Have you been to Toronto??? That's pretty much the first thing and last thing you have to try if you're there. Its pretty much all you can eat for 13.95 dinner... and when they say ayce, its not like vancouver where you can only have beef... they really mean everything... beef, beef rib, chicken, pork, fish... and anything on the menu. That was a few years ago but i dont imagine they would have increased their prices that much more.
So reminiscing of acye korean bbq, we visited some joints in Vancouver... They dont really have AYCE, there were 2 places we know of, one is Dae Bak Bon Ga (but they dont do AYCE anymore and the other one is Pork Belly Beer House http://www.urbanspoon.com/r/14/1520867/restaurant/Robson-Street-West-End/Pork-Belly-Beer-House-Vancouver in downtown Vancouver. The second place is still pretty awesome, but its just pork belly and you'd need to pay more for more stuff. their beer is pretty cheap though so u can more than be full for the price. Still kinda limited sauces and stuff... so it left me craving for the Toronto experience... How is it that Vancouver is so much more asian and AYCE korean bbq hasnt become widespread???
The next best thing is to make it yourself at home. Of course, the beauty at Korean places is also the multitude of side dishes, and pretty ghetto atmosphere where if you're asian and somewhat pale skin, they assume you're korean, and will say many sentences while you give the blank look, hinting that you dont understand, yet it still keeps coming... Or maybe they just dont feel like speaking in English unless necessary.
The side dishes:
- Kimchi (i have my own way of making it, i find it a bit easier and less salty than what i've found online, depends what taste you are going for)
- Daikon (lo bok) (same as kimchi)
- seaweed (love that stuff... this video is kinda weird because she adds pollock)
- potatoes (kinda simple, just sweet sauce)
- bean sprouts (love that stuff too)
These are kinda tough to get because you are only going to eat a small quantity everytime so u'd be making a pretty big quantity of each. Worth making your own if you are going all out, but otherwise, you can go to H-Mart and pick up a small quantity of each.
Now the main stuff: MEATTTTTTTTTTTTTTTTTTTTTTTtttttts
- pork (kalbi sauce)
- chicken (kalbi sauce)
- beef (bulgogi sauce) --> sure, u can buy it from these guys, or you can go to TNT, it was on sale for 3$ a few weeks ago.
- beef shortrib (kalbi sauce)
The meat... you dont have to buy precut stuff... its not as fresh and its more expensive (you have no choice for shortrib cause more people i know dont own a saw they can use for cutting rib bones)
I buy the chicken from any supermarket when its on sale, frozen 3$/lb for chicken breast. Beef, you could really use anything but sirloin works well because everything is sauced u dont have to worry that much about it going dry (unless u over cook it)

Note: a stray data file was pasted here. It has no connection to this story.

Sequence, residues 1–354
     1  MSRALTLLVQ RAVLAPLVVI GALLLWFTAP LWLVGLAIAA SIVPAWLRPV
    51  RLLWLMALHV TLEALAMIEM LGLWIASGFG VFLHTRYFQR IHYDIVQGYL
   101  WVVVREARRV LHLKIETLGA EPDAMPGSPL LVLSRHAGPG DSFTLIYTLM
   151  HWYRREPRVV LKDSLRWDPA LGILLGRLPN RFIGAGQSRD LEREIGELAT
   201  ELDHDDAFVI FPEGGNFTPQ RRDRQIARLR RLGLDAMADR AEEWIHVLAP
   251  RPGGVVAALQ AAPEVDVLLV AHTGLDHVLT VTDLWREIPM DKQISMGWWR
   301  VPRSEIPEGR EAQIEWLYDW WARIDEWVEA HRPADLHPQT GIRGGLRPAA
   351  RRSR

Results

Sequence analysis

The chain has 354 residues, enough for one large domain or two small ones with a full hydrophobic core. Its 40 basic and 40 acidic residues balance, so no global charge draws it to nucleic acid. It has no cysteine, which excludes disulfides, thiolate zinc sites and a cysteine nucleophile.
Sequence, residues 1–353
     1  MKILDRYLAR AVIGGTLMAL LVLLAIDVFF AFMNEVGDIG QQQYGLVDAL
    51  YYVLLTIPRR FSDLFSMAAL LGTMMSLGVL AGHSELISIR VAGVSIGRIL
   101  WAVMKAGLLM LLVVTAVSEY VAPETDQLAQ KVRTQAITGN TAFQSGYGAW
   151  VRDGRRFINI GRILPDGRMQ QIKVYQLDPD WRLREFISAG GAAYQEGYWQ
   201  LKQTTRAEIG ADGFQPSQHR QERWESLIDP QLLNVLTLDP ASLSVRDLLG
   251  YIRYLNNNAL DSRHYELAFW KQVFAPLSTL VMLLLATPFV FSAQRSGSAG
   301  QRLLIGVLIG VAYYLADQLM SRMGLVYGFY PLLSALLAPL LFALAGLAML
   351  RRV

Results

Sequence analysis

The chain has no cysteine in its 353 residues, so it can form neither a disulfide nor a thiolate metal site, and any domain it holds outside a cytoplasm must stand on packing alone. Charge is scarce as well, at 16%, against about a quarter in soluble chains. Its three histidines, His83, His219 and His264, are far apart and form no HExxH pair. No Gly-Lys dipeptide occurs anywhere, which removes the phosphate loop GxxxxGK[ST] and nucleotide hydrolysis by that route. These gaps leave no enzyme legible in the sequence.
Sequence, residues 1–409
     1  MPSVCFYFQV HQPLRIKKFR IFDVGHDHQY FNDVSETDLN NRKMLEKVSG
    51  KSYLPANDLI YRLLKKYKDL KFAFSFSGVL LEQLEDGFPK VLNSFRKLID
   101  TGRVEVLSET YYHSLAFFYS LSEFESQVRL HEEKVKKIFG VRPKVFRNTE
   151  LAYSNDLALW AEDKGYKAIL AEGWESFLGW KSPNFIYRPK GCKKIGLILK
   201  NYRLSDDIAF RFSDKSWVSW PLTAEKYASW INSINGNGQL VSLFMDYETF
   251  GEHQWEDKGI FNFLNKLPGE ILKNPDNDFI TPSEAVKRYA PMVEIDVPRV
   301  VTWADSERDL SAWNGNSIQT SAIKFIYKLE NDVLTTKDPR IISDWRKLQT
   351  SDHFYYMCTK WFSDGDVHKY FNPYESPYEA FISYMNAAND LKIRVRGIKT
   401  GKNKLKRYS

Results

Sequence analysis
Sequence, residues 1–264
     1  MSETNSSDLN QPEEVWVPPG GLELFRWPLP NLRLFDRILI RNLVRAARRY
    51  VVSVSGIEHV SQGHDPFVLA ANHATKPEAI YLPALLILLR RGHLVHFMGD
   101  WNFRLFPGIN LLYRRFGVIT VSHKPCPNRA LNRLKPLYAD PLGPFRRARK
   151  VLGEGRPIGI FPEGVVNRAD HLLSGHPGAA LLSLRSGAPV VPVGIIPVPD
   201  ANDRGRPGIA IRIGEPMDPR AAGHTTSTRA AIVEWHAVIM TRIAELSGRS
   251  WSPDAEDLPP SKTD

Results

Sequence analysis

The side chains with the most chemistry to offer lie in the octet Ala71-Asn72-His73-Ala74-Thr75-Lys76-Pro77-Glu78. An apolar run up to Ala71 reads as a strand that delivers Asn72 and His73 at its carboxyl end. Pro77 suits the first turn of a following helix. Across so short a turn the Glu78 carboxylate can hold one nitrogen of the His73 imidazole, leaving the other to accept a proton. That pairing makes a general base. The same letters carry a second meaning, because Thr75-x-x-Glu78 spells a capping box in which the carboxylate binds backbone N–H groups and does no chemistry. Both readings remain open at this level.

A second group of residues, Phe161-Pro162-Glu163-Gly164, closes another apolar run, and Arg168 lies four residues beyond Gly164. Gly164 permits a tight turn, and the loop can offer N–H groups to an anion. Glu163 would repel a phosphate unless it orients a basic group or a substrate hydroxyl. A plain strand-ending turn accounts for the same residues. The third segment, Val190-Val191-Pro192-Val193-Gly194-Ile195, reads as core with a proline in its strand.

This is the main decision you have to make. If you've been to korean bbq, you must have noticed how your grill eventually gets to a point where u just cant grill anymore and you really should just get it swapped. At home, you dont have that luxury. I bought one that looks a lot like the one at the restaurant. The first time around, feels great, yeahhhhhhhhh i'm at the restaurant. Tastes great. And then comes the washing part... this is where your dreams crumble down like the buildings in Inception. Look at it after two cooking sessions, and trust me... VERY hard to wash... i've tried dish washer... soaking it in water with soap... using the gas range to burn that stuff (this seemed to be the only solution really but would use a whole lot of gas to clean absolutely everything).
Its never gonna be clean, unless i spend way too much effort, which time costs more than the salary i'd make working that same time to buy a new one. So for my birthday, my fiancee bought me this non-stick one, after we watched korean TV in an LA thai joint showing korean TV. It changed my life. Its about as non-stick as you can want, while still able to char the surface of the meat (which is the problem of most non-stick pans, so Calphalon designed this "sear" collection which is non-stick and can sear).
This is how the new korean grill looks like after the damage. You know its a good sign when the sugar burnt stuff lifts up by itself. The only thing i hate is that I dont have to spend so much effort cleaning it... nooooooootttttt.
Oh yeah, i should show you the food.
Bacon is really nice on this grill!!!
Or you could use the George Foreman grill. But let me tell you... it doesnt really work for korean bbq because most of its browning power is from the top heating element and when you cut meat thin the way you like it for korean bbq... it doesnt touch the top element... sadly. But i love the non-stick surface.
Crispy and delicious meat!!! and onions that come with it. Enjoy with a beer, on a balcony, hot summer day, with the sun setting. its kind of what happened.
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